Three recent discoveries by American scientists are advancing the growing field of biotechnology and transforming the future of medicine.
The journal Science reports in 2022 that scientists have assembled the full genetic blueprint for human life, adding the missing pieces to a puzzle nearly completed two decades ago. This image shows the output from a DNA sequencer. (© NHGRI/AP Images)
Biotechnology—one of the fastest-growing scientific fields—uses tools from biology, chemistry, computing, engineering and mathematics to advance research that portends promising medical discoveries.
Biotech products and solutions generated about $1 trillion in revenue worldwide in 2021, up 34 percent from five years ago, according to the 2021 Global Biotechnology Innovation Scorecard, which rates the United States as the leader in such breakthroughs.
“The United States has definitely been a leader in biotechnology for many years and continues to expand the field,” says Natalie Betz, an academic director of the University of Wisconsin-Madison School of Medicine.
A cornerstone of biotechnology is genetic engineering, a process by which scientists alter the genes inside a living cell to change its traits and develop new products. (Genes are made up of DNA, which are the molecules that provide the instructions for a cell’s function.)
In 1988, the United States laid the foundation for modern genetic engineering when the U.S. Congress funded the creation of the Human Genome Project, an international collaboration to map and sequence the human genome. (A genome is a kind of instruction manual for how to build a living organism.) Most of the map was completed by 2003, sparking thousands of medical discoveries—from cancer treatments to hereditary-disease fixes to organ revitalization. In March, a scientific team led by Americans completed the human genome map.
Here are three recent discoveries by American scientists that are advancing biotechnology:
Emmanuelle Charpentier, left, and Jennifer Doudna at California’s NASA Ames Research Center (© Peter Barreras/Invision/AP Images)
Gene editing technology: Many U.S. scientists—including Jennifer Doudna, a biochemist at the University of California, Berkeley, and Emmanuelle Charpentier, a biochemist and director of the Max Planck Unit for the Science of Pathogens—worked on a technique for “editing” genes called CRISPR (clustered regularly interspaced short palindromic repeats). The technique enables scientists to change and turn on and off a cell’s hereditary instructions. The discovery has had wide-ranging impacts on medicine. It is being used to treat previously incurable diseases, such as sickle cell disease, and to develop new medical diagnostic tools, such as optogenetics, that enable researchers to look more deeply into how the brain functions. In 2020, Doudna and Charpentier won the Nobel Prize for their work together on CRISPR.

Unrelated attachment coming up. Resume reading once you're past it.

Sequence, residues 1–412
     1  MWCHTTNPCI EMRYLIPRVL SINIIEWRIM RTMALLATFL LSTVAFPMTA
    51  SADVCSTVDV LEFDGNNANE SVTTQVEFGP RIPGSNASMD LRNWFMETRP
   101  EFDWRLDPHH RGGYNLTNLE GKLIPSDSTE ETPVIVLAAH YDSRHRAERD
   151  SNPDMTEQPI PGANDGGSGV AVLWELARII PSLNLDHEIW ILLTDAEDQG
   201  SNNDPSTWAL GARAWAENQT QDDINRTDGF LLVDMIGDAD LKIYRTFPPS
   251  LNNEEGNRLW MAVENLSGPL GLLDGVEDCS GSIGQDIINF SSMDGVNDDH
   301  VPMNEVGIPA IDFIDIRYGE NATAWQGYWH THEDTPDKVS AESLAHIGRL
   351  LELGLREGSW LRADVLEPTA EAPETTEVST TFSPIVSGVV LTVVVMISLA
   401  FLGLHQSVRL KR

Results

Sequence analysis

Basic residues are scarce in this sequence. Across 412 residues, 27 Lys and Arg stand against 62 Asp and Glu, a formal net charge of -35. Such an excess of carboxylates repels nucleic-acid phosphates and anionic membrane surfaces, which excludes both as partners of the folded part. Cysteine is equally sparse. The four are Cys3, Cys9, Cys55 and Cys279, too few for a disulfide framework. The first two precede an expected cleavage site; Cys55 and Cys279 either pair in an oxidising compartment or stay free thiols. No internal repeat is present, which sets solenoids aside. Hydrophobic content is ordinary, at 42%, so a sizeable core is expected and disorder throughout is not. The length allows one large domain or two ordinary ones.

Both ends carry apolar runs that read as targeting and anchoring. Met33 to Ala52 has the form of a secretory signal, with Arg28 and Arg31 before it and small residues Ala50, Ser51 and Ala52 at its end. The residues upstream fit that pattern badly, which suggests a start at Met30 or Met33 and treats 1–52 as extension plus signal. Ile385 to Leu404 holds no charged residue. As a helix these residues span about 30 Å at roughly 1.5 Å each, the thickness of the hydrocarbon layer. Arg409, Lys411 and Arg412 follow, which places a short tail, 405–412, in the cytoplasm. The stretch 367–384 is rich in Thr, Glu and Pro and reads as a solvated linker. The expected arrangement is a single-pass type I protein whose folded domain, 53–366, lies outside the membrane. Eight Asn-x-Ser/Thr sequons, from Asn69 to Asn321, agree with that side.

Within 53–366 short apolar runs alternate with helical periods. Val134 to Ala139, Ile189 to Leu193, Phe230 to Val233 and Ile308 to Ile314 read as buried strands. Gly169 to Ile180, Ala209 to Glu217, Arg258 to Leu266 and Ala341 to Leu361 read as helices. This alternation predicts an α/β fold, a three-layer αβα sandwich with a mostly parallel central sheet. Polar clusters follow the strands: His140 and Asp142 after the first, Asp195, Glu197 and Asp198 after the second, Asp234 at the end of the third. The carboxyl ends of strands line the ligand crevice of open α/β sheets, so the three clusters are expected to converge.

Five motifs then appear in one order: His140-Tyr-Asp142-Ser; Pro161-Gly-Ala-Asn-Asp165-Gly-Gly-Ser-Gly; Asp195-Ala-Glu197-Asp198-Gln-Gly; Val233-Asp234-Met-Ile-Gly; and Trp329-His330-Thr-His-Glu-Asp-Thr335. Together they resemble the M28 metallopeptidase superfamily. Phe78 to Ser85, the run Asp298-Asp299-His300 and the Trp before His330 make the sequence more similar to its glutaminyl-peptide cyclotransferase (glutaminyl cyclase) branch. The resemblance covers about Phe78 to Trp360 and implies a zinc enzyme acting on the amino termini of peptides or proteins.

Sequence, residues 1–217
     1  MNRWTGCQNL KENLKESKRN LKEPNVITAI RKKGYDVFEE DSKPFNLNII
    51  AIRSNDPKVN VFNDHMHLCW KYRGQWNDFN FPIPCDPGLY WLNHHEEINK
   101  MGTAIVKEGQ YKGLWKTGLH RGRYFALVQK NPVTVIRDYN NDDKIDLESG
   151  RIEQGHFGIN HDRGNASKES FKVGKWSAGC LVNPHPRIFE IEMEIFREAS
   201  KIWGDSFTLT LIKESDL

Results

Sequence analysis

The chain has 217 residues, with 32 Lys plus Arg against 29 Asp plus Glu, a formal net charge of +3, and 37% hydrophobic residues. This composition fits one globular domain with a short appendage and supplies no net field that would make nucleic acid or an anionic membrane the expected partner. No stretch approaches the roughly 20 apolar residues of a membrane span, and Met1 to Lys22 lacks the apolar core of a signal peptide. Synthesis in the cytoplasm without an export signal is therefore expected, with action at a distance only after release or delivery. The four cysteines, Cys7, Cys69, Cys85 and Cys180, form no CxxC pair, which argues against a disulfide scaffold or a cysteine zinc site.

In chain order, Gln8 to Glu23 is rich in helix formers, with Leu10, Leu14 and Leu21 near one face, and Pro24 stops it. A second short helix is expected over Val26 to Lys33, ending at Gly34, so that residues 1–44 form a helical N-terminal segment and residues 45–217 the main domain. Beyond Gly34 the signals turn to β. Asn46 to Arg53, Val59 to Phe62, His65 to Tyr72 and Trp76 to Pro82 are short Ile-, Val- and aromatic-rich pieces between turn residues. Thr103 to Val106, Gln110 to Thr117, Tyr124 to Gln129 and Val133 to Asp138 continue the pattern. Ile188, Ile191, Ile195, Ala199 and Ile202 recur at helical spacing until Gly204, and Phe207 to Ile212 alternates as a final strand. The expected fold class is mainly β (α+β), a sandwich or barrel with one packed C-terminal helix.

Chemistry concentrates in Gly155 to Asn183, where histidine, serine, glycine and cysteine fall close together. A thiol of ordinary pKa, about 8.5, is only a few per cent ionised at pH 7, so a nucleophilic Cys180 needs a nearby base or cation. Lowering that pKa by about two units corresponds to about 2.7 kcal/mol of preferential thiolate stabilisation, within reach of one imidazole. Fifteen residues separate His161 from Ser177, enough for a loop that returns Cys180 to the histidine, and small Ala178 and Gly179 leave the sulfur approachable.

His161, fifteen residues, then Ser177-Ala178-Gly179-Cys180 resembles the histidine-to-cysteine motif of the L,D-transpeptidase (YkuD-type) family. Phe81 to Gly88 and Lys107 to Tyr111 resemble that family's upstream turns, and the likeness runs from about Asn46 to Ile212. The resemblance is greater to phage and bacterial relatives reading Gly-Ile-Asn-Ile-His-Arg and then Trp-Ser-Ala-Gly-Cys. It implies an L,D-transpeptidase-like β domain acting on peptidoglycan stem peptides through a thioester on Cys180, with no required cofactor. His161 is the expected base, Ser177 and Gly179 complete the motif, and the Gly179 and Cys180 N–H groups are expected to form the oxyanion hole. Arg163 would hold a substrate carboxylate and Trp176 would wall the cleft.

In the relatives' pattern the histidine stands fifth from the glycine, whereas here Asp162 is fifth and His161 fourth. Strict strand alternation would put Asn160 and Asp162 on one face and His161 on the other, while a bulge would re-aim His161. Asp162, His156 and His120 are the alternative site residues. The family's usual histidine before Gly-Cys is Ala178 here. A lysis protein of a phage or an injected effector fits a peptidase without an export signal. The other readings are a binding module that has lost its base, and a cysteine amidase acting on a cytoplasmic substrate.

Synthetic biology: J. Craig Venter, a biotechnologist and a lead researcher on the Human Genome Project, created the first synthetic bacteria. The synthetic bacteria’s genome was constructed in a lab, rather than being born or evolving from another living bacterium. Following on Venter’s heels, two scientists, Bill Banyai and Bill Peck, married their expertise in semiconductor manufacturing and genome sequencing to manufacture synthetic genes. Their company, Twist Bioscience, provides synthetic genes to companies to support biotech R&D (including the creation of new products such as next-generation antibiotics that bacteria can’t outsmart) and to support scientists building synthetic organisms.
Regenerative medicine: With scientists’ understanding of the human genome and how to manufacture organisms in labs, a growing number of researchers are working on building human tissue to replace body parts. In June, 3DBio Therapeutics, a New York City-based regenerative medicine company, announced that it had built a new ear for a young woman born missing a fully developed ear. The company used the young woman’s own cells to build an ear with 3D printing technology and then implanted it under a flap of skin where the ear should have been. Because the implant uses the cells of the host, the risk of the body rejecting the new ear is lower. The implant was considered the first successful medical application of tissue-printing technology and a big advance in the field of tissue engineering.
This article was written by freelance writer Bara Vaida.